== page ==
top of page
  • Niema Jordan

Q&A w/ Carmena Woodward aka DJ Red Corvette

By Niema Jordan


(This conversation as been edited for length and clarity).





Carmena Woodward is a woman of many talents. She has a special knack for community-building and creating opportunities for others. Throughout the years, we’ve seen her co-create spaces for women in music to thrive. Whether through platforms like Women Sound Off or her latest event, Studio Red’s DJ Groove Lab, Woodward aka DJ Red Corvette is committed to making the path to longevity entertainment the norm for herself and others.


We caught up with Woodward, a recipient of Black On Both Sides’ Black Arts Grant, to talk about her career, upcoming program, and the importance of community.


Tell us about Studio Red’s DJ Groove Lab.


Carmena Woodward: It’s a workshop symposium that I created to promote celebration through music, creativity, and community in the DJ space. A lot of people who want to DJ don’t know how to get started. The lab will give people access to create and build community amongst the other DJs that are in the Bay Area.

They’ll hear from some of the leading talent in the Bay Area about how their experience started and where they are with DJing and even give any kind of tips and tricks through marketing and branding for their DJ career. There are people making a business out of this and that’s how you sustain yourself in your career. It’s important to hear directly from the people who are making it happen.

Coming up in the industry, I didn’t always feel comfortable talking to people who were leading in their careers. I just want to give people, share a space and open up a space that I wish I’ve always had.


Is this workshop informed by the work that you’ve done in terms of women sound off and the space that you created there?


Carmena: I didn’t know that I had a passion for education and community or being a vessel for that until I started doing Women’s Sound off. I think when I started Women’s Sound Off, me and Vang (Evangeline Elder) started with just celebrating women in music. A lot of the time I feel like things are overlooked and especially for Black women and I don’t want to always be the only Black woman in the room doing this thing. And so it’s the same thing with this.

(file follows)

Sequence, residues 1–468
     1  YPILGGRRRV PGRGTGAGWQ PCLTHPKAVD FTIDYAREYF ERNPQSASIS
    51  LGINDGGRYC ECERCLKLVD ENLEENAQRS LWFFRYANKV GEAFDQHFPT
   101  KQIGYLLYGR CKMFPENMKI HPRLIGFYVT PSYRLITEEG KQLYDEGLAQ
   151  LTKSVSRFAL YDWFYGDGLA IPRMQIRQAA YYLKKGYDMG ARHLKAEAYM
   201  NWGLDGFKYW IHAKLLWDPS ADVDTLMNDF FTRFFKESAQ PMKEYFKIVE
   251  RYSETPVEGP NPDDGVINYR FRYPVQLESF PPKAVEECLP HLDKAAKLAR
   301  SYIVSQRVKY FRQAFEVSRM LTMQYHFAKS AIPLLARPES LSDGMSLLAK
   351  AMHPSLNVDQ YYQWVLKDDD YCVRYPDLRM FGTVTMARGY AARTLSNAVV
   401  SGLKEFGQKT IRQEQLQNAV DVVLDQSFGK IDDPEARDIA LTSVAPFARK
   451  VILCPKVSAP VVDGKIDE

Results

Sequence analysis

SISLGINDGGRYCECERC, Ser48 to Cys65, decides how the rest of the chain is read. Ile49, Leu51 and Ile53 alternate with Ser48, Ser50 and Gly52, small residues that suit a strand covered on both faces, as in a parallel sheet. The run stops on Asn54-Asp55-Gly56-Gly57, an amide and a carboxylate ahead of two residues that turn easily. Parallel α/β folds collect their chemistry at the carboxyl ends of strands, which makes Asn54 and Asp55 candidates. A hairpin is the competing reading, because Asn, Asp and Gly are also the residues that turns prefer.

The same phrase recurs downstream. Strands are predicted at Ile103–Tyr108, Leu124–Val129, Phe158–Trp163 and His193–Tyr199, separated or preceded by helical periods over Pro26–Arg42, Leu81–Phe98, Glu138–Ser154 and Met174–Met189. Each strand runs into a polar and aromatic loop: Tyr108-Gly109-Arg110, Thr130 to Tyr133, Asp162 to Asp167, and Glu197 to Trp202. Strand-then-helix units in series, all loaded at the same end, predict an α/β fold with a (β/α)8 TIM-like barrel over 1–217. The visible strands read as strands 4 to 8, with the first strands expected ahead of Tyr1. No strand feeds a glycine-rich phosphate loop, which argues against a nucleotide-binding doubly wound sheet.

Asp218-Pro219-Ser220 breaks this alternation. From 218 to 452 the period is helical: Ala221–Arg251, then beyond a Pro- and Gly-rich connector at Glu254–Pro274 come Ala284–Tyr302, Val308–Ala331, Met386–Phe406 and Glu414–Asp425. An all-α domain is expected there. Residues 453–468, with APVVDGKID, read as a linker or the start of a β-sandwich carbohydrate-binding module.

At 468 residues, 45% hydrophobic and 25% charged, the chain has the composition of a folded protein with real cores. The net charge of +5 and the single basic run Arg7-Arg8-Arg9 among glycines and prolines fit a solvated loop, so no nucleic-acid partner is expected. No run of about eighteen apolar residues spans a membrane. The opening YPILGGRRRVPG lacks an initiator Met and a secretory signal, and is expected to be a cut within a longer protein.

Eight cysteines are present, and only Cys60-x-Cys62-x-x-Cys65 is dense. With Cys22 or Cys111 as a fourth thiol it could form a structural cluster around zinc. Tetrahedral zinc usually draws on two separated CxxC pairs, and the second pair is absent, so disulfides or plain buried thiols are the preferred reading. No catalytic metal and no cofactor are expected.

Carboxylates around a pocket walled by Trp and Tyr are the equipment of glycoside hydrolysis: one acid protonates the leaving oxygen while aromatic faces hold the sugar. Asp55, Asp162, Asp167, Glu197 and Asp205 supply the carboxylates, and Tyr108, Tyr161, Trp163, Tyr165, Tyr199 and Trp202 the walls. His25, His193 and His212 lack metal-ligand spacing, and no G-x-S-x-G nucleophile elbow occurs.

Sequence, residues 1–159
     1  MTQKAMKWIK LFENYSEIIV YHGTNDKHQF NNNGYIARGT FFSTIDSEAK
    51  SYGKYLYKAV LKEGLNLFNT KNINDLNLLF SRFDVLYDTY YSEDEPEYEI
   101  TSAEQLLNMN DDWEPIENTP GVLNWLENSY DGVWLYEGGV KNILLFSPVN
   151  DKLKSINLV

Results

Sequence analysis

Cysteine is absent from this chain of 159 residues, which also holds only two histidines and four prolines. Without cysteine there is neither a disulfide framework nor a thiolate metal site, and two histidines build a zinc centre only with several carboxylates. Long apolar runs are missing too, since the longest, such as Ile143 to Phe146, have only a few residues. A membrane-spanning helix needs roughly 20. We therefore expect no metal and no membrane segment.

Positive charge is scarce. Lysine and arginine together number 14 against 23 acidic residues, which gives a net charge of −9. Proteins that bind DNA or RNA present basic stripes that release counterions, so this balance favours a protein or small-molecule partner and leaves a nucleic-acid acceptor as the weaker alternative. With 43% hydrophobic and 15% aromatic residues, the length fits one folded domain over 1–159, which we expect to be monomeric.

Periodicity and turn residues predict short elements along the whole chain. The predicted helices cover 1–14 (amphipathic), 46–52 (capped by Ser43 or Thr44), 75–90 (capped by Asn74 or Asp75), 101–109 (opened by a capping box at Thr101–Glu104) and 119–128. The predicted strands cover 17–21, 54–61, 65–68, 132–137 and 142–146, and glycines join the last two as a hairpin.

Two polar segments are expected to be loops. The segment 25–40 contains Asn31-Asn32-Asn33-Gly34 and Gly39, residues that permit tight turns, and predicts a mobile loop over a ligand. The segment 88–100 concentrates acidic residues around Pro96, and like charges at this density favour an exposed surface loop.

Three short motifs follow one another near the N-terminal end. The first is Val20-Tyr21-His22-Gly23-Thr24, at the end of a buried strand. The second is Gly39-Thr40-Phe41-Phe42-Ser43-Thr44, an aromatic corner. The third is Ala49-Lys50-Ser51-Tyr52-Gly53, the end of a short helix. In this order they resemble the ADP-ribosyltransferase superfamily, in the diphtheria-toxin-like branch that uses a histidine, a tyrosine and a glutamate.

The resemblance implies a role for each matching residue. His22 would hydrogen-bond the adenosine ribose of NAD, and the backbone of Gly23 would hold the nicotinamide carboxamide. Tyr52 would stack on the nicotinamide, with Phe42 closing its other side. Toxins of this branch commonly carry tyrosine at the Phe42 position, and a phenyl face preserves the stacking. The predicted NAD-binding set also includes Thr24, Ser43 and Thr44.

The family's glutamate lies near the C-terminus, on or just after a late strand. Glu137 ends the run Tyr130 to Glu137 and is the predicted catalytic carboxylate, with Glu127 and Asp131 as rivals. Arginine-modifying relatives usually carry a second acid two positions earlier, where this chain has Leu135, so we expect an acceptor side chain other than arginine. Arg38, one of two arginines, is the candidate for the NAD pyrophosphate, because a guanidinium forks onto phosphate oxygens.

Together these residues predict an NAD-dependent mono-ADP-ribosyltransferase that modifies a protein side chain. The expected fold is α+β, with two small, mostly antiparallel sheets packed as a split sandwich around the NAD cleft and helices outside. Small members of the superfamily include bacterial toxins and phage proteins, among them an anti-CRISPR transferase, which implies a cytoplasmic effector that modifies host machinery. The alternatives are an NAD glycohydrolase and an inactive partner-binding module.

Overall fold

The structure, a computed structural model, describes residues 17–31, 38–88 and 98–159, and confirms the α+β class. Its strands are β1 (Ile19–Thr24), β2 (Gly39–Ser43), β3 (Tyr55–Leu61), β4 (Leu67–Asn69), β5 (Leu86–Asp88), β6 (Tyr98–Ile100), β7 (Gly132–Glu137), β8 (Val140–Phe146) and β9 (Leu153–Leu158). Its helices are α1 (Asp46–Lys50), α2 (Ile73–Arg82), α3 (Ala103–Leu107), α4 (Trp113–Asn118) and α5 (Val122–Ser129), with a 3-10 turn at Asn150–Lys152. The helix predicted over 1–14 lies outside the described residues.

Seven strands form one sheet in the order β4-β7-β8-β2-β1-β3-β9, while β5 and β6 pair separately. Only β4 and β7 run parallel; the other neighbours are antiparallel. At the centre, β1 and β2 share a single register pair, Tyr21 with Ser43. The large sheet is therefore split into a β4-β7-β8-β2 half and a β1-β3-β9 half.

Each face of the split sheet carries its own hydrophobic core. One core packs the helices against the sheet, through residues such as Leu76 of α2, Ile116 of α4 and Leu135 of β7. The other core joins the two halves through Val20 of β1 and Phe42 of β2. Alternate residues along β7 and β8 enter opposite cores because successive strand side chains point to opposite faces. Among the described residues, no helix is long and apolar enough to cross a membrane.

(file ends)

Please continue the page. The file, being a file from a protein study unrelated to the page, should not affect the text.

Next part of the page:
Once I found that I really was passionate about just building community or connecting the dots with people or just giving game freely, I just have been still in that space. I still want to serve. It was tough to put together a festival, but I always felt joy just knowing that thousands of women are going to walk away with so much more to expand their career. I knew there would be more of us in the room because of Women Sound Off. I feel like that’s been my purpose…just being able to create experiences where people can find community. Whether it be me bringing people together on a dance floor or bringing them together through a workshop to help them expand their career.


Why is it important for creatives to tap into community?


Carmena: A lot of people are connected, especially in the creative space. A lot of people are connected in so many different ways and they don’t know how to really use their access. They don’t know how to build community out here and that shit is very important when it comes to moving up. We can’t do this by ourselves. We can’t do this on our own. We think we can, but it would be so much better if we just use the people that we have in a respectful way. But just to help us get a little bit further and share the knowledge and not look at it as competition and give people, I don’t know, just help just people build community amongst whatever group that they are and help them. Everybody just pound together and go forward with it.


Who are you looking to right now to keep you energized in the DJ space?


Carmena: I’m looking at people who are still finding joy and doing the thing that they’ve always been in love with and passionate about. Society says that we’re too old at a certain point to do certain things. We ain’t never too old to do anything that we want, and I don’t want to ever feel like I’m too old or too young to do anything that I want. It is always cool to just see people that are older than me keep going in their career. It reminds me not to limit myself or think that I’m too old to figure it out. I want to be present in what it is for me, what this experience looks to me right now.


As somebody from San Francisco, why is it it important for folks to invest in and support Black creativity within San Francisco?


Carmena: I wish people weren’t pushed out and I wish that it was just booming how it used to be. I remember growing up and just being a part of so many different things, which fueled my creativity. A program like this helps other Black creatives that are from San Francisco to just keep creating. Having conversations with the people in the cohort from San Francisco…it is pretty cool to just hear the things that they’re doing and then be excited about doing something for the city again. This program literally is going to continue to help rebuild. I’m hoping there’s a Black renaissance in San Francisco through having programs like this.





Join Carmena Woodward aka DJ Red Corvette, Shellheart, Umami, and DJ Darling Cool, Bitesize, and Ebonie Marie at the Ruth Williams Bayview Opera House on March 30, 2024 from 12pm to 5pm. Tickets to the event are available here.


Niema Jordan is a writer, speaker, and an award-winning filmmaker from Oakland, CA. She has a passion for character-driven stories and harnessing the power of media for positive community impact.


2 views0 comments

Recent Posts

See All

Commenti


bottom of page